I am sitting at home not wanting to head to the airport for a trip to New Orleans (it is Thanksgiving weekend anyway) to meet with lawyers and insurers from ConAgra (sounds fun?). I must admit that I am skeptical of the meeting given that to date ConAgra has resolved no claims of any significance However, there seems to be some recent interest in resolving the thousands of legitimate customer claims. Given that ConAgra is facing legal defense bills of seven figures each month, has incurred some $50-60 million in recall cost – and who knows how much in lost sales – and now faces more of the same in Pot Pies, perhaps it will get serious and take care of its customers.
As you know, on June 1, 2007, the CDC reported that a total of 628 persons had been infected with Salmonella Tennessee in 47 states since August 1, 2006. That number has now risen in excess of 714. However, remember that according to AC Voetsch, “FoodNet estimate of the burden of illness caused by nontyphoidal Salmonella infections in the United States,” Clinical Infectious Diseases 2004;38 (Suppl 3):S127-34, 714 ill people is an undercount by 38.6 times – That is an actual total of 27,560 people sickened by ConAgra’s Peanut Butter.
In addition, the outbreak strain of Salmonella Tennessee has been isolated from several opened and unopened jars of ConAgra produced Peter Pan and Great Value peanut butter and from two environmental samples obtained from the Sylvester, Georgia ConAgra plant. Rumor also has it that State and Federal labs have tested in excess of 100 jars of peanut butter from Salmonella Tennessee infected persons (stool culture positive) and that dozens of jars have tested positive for Salmonella Tennessee. We have tested nearly 1000 jars of peanut butter from clients (Salmonella Tennessee stool culture positive and not), and to date six have tested positive. Several of our positive peanut butter tests, and culture positive clients, have the lid codes with 21116251 on the top (means it was produced by the Sylvester ConAgra plant on September 22, 2006). We believe that the CDC has similar information, but it has not fully responded to our FOIA to date. States’ responses have also been slow, but are coming in.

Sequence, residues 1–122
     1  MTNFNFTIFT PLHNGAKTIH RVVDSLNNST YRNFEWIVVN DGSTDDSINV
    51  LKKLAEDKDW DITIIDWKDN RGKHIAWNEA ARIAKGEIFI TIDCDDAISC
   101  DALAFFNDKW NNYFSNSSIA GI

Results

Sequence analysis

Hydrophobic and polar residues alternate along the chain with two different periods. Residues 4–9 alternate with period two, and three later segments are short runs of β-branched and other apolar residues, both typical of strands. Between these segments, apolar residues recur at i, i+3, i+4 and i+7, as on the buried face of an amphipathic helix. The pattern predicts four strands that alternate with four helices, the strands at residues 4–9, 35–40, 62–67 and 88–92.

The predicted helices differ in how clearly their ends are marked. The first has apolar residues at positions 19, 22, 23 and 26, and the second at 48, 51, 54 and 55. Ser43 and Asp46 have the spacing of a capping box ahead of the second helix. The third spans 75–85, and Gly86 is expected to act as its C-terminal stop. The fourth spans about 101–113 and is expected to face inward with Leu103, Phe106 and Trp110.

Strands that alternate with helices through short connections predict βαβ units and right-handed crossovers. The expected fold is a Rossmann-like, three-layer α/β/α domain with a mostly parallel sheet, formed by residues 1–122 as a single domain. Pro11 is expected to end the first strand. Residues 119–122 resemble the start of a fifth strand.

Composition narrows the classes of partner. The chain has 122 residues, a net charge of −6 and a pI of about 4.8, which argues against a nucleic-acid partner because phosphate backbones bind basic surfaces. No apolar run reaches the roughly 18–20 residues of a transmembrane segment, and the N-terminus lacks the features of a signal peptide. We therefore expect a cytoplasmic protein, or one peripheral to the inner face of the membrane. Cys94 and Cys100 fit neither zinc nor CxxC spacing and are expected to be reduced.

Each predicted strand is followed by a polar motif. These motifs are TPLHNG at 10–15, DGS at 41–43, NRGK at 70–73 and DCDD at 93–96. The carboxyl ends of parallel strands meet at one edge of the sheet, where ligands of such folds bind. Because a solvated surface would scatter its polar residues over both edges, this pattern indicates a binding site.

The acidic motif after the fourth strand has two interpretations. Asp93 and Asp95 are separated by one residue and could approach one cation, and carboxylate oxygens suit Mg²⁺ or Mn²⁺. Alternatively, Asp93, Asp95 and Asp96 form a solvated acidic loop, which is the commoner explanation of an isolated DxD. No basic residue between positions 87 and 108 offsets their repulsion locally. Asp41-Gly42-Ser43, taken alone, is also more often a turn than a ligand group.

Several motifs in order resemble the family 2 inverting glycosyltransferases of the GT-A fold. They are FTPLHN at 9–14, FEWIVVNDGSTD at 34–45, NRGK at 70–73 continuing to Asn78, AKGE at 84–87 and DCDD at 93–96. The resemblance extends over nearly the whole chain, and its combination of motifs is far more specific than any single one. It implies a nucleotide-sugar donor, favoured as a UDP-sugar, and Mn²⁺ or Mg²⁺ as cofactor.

So, wish me luck (or a bit of magic) on the flight. More importantly, however, wish ConAgra the wisdom to understand that its future success is tied to taking care of its poisoned customers and in making a serious commitment to food safety. ConAgra needs to remember that it is no "Big" deal, in fact it is "Easy," to do the right thing. If taking care of customers is too hard, ConAgra also needs to remember the FDA inspection of 2005:
"…. alleging poor sanitation, poor facilities maintenance, and poor quality program management. Specifics in that complaint include an alleged episode of positive findings of Salmonella in peanut butter in October of 2004 that was related to new equipment and that the firm didn’t react to, insects in some equipment, water leaking onto product, & inability to track some product…. reporting several issues at the firm that in summary allege poor sanitation practices, poor quality program management and poor facilities maintenance."